Italy’s parliament on Wednesday ratified the UN’s Arms Trade Treaty, which is intended to stop arms supplies to countries at war or that abuse human rights.
The treaty was adopted by the United Nations in April to regulate the $80 billion (59 billion euros) annual trade in conventional arms and stop supplies to states where they could be used for human rights abuses.
“It is a great result,” said Silvana Amati, a senator from the left-wing Democratic Party.
Amati said Italy could be “a driving force within the European Union, seeing as at least 50 countries need to ratify the treaty for it to enter into force.”
Only four other UN members have ratified so far, and Italy is the first European Union state to do so.
Italy is the eighth biggest arms exporter in the world, according to the Stockholm International Peace Research Institute, which keeps detailed data.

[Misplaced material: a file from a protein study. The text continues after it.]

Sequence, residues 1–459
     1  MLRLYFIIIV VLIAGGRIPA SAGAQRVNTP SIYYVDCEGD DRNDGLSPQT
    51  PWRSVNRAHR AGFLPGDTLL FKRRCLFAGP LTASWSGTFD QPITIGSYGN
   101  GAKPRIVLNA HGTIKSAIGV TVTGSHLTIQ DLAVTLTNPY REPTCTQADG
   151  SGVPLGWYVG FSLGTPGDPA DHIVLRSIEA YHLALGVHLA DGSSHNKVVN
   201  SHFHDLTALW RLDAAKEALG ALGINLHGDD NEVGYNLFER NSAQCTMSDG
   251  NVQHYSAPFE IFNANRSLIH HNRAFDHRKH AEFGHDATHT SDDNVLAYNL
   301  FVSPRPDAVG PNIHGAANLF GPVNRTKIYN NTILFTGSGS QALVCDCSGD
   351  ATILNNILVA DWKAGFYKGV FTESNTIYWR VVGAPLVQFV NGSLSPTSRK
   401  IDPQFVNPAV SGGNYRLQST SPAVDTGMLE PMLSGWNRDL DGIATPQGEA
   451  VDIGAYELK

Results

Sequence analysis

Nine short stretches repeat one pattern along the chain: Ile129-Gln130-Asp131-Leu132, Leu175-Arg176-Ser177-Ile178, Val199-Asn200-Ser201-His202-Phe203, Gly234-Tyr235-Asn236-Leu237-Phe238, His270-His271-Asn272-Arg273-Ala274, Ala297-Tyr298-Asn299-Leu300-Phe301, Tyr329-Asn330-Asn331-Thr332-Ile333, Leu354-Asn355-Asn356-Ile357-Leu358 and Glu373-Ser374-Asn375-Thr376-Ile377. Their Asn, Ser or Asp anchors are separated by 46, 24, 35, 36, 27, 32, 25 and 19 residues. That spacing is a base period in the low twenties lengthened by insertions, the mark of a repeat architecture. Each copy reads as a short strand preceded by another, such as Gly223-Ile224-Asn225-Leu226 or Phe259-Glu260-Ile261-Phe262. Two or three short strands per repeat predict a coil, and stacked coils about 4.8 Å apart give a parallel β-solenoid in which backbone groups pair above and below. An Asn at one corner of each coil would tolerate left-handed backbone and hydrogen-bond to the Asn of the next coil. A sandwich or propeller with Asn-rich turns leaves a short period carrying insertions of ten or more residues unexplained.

Its handguns, high-precision artillery systems and attack helicopters are particularly prized, and it has in the past supplied arms to deposed Libyan dictator Moamer Kadhafi and Syrian President Bashar al-Assad.
The treaty has no automatic enforcement but seeks to contain the weapons industry within accepted boundaries.
The treaty, which has been years in the making, was adopted only after tough negotiations at the United Nations.
US Secretary of State John Kerry is expected to sign the treaty later Wednesday, according to a US official, in a move that could help the West push Russia to curtail arms sales to Syria.
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